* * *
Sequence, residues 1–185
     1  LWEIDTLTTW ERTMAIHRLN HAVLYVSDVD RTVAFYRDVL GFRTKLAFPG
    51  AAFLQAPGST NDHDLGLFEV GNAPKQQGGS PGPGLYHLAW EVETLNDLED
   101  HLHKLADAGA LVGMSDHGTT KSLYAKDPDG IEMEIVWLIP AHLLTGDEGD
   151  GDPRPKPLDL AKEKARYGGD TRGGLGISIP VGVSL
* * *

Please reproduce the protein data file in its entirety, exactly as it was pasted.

Sequence, residues 1–185
     1  LWEIDTLTTW ERTMAIHRLN HAVLYVSDVD RTVAFYRDVL GFRTKLAFPG
    51  AAFLQAPGST NDHDLGLFEV GNAPKQQGGS PGPGLYHLAW EVETLNDLED
   101  HLHKLADAGA LVGMSDHGTT KSLYAKDPDG IEMEIVWLIP AHLLTGDEGD
   151  GDPRPKPLDL AKEKARYGGD TRGGLGISIP VGVSL